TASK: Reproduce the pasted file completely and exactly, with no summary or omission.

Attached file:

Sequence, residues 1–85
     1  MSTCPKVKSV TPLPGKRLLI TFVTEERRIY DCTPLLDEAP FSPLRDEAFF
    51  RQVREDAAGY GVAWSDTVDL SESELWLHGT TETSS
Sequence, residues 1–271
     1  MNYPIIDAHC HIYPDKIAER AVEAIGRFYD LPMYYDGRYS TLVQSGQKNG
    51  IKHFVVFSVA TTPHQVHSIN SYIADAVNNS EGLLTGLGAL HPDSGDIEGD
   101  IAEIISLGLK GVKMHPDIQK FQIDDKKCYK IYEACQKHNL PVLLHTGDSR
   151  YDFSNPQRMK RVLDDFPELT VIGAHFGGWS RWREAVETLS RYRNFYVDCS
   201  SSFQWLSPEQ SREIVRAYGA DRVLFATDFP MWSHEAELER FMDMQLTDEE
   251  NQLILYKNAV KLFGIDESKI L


Sequence, residues 1–85
     1  MSTCPKVKSV TPLPGKRLLI TFVTEERRIY DCTPLLDEAP FSPLRDEAFF
    51  RQVREDAAGY GVAWSDTVDL SESELWLHGT TETSS
Sequence, residues 1–271
     1  MNYPIIDAHC HIYPDKIAER AVEAIGRFYD LPMYYDGRYS TLVQSGQKNG
    51  IKHFVVFSVA TTPHQVHSIN SYIADAVNNS EGLLTGLGAL HPDSGDIEGD
   101  IAEIISLGLK GVKMHPDIQK FQIDDKKCYK IYEACQKHNL PVLLHTGDSR
   151  YDFSNPQRMK RVLDDFPELT VIGAHFGGWS RWREAVETLS RYRNFYVDCS
   201  SSFQWLSPEQ SREIVRAYGA DRVLFATDFP MWSHEAELER FMDMQLTDEE
   251  NQLILYKNAV KLFGIDESKI L